Thomas Higham is an archaeological scientist and radiocarbon dating specialist. He is Professor of Archaeological Science at the University of Oxford, UK, best known for his work in dating the Neanderthal extinction and the arrival of modern humans in Europe.
Early life and education
Higham grew up in Dunedin, New Zealand, the eldest of four children of Polly and Charles Higham; his father is an archaeologist specialising in the prehistory of southeast Asia. He studied Archaeology at the University of Otago, receiving a BA Honours degree in 1988 and a Masters degree in 1990. Higham became interested in radiocarbon dating and moved to the University of Waikato where, in 1993, obtained a doctorate degree.[additional citation(s) needed]
Career and research
Higham worked as the Deputy Director of the radiocarbon dating laboratory at Waikato, before joining the Research Laboratory for Archaeology and the History of Art, at the University of Oxford in 2001. He is currently the Director of the Oxford Radiocarbon Accelerator Unit (ORAU) and a Fellow of Keble College.
Higham's work focuses on the development and reliable application of radiocarbon dating in archaeology. His main interests lie in the refinement of the protocols used for the purification of ancient samples prior to radiocarbon dating. His early work focused on the peopling of New Zealand. Upon arrival in Oxford, Higham became involved in testing and improving the ultrafiltration method for dating archaeological bones.
In 2002, Higham met British archaeologist Roger Jacobi and the two worked closely together on the dating of several key Palaeolithic sites from the British Isles, until Jacobi's death in 2009. The most notable result of this work was the redating of the Red Lady of Paviland, an iconic early modern human from Britain. Later, Higham reported an age estimate for the Kents Cavern maxilla from Devon, England, the earliest modern human fossil in northwestern Europe.
Since 2006, Higham and his team at Oxford have worked on defining the timing of Neanderthal replacement by anatomically modern humans in western Eurasia and quantifying the overlap between the two human groups. In 2014, results of this work reported in Nature placed Neanderthal extinction at around 41000–39000 years ago, and suggested a Neanderthal-modern human overlap of 3000–5000 years in Europe. In 2013, funded by the European Research Council, Higham launched the "PalaeoChron" Project that focuses on the dating of late Neanderthals, early modern humans and Denisovans at hundreds of sites across northern Eurasia.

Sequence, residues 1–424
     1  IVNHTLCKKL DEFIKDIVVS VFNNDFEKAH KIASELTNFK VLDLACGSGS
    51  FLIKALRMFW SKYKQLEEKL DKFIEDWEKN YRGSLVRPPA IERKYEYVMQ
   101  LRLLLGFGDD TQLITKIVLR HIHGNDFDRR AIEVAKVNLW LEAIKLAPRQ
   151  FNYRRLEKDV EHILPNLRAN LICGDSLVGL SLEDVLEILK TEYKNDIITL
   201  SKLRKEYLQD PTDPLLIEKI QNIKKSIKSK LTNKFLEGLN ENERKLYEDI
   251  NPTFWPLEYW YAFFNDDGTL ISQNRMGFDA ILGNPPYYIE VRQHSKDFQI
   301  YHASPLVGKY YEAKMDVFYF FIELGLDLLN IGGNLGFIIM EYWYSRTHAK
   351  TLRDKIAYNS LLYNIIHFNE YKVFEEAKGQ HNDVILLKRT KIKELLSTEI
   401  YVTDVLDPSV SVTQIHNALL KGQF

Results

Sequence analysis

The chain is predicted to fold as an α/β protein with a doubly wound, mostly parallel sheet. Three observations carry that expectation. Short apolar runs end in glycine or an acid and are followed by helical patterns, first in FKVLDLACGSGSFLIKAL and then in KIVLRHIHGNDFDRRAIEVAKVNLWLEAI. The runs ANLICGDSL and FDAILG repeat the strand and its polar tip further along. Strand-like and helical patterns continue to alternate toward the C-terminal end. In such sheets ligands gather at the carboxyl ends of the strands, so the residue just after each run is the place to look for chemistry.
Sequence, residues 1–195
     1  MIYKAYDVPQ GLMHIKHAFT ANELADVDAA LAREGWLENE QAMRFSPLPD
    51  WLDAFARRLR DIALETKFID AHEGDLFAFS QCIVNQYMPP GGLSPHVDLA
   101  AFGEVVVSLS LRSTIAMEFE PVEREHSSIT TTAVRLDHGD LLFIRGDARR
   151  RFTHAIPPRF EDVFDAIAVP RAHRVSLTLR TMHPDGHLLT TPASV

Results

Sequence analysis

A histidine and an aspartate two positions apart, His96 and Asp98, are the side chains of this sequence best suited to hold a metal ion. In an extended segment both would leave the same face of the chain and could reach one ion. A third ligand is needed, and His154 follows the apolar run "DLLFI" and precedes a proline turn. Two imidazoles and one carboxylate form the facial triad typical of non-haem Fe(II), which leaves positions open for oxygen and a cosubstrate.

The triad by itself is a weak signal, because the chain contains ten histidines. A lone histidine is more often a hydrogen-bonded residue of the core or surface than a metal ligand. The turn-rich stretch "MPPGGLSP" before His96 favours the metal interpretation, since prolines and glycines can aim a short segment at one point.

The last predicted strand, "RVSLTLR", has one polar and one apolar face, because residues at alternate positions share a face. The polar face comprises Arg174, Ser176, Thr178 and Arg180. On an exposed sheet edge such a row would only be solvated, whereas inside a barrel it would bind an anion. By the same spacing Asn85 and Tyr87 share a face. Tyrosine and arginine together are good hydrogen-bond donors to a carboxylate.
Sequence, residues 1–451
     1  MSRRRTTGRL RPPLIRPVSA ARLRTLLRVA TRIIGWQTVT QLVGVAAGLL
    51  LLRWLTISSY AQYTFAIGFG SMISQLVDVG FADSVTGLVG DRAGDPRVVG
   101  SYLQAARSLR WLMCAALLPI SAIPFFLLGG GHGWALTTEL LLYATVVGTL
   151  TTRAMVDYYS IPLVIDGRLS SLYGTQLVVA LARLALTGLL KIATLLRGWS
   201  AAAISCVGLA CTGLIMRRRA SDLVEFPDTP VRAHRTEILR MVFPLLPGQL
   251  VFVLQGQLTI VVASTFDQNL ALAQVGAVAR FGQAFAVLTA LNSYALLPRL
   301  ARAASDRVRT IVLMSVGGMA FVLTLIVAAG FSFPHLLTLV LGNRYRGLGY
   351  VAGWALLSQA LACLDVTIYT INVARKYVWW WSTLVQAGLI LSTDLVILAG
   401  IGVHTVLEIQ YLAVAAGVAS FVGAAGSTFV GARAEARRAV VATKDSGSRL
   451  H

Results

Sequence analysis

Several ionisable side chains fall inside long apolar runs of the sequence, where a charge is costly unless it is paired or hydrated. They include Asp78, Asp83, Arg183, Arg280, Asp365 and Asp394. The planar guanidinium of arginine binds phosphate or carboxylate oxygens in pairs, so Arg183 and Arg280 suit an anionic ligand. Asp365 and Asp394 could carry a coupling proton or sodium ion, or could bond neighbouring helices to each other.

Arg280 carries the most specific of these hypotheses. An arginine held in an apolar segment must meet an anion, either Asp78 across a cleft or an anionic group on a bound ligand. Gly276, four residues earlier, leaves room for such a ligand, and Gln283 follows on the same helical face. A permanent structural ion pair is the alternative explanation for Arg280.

- Callaway, Ewen (2012). "Date with history". Nature. 485: 27–29.
- Higham, Thomas (1993). Radiocarbon dating the prehistory of New Zealand (Unpublished PhD thesis). University of Waikato.
- "Professor Tom Higham". Keble College. Retrieved 25 February 2018.
- Wilmshurst, JM; Anderson, AJ; Higham, TFG; Worthy, TH (2008). "Dating the late prehistoric dispersal of Polynesians to New Zealand using the commensal Pacific rat". Proceedings of the National Academy of Sciences. 105 (22): 7676–7680.
- Hogg, AG; Higham, TFG; Lowe, DJ; Palmer, JG; Reimer, PJ; Newnham, RM (2003). "A wiggle-match date for Polynesian settlement of New Zealand". Antiquity. 27 (295): 116–125.
- Bronk Ramsey, Christopher; Higham, Thomas; Bowles, Angela; Hedges, Robert (2004). "Improvements to the pretreatment of bone at Oxford". Radiocarbon. 46 (1): 155–163.
- Jacobi, RM; Higham, TFG; Bronk Ramsey, C (2006). "AMS radiocarbon dating of Middle and Upper Palaeolithic bone in the British Isles: improved reliability using ultrafiltration". Journal of Quaternary Science. 21 (5): 557–573.
- Higham, TFG; Jacobi, RM; Bronk Ramsey, C (2006). "AMS Radiocarbon Dating of Ancient Bone Using Ultrafiltration". Radiocarbon. 48 (2): 179–195.
- Jacobi, RM; Higham, TFG (2008). "The 'Red Lady' ages gracefully: new ultrafiltration AMS determinations from Paviland". Journal of Human Evolution. 55 (5): 898–907.
- Higham, T; et al. (2011). "The earliest evidence for anatomically modern humans in northwestern Europe". Nature. 479 (7374): 521.
- Higham, TFG; et al. (2014). "The timing and spatiotemporal patterning of Neanderthal disappearance". Nature. 512 (7514): 306–309.
- "PalaeoChron Project". PalaeoChron Project.
- Henriques, Martha (6 September 2017). "Vindija Cave wasn't where humans and Neanderthals had their fling after all". International Business Times UK. Retrieved 25 February 2018.
- Silva-Velazquez, Yuri (26 April 2017). "Relics researchers feature in new CNN series". Keble College. Retrieved 25 February 2018.
- "Centenary cohort of Fellows announced". Royal Society of New Zealand. 1 November 2018. Retrieved 21 November 2018.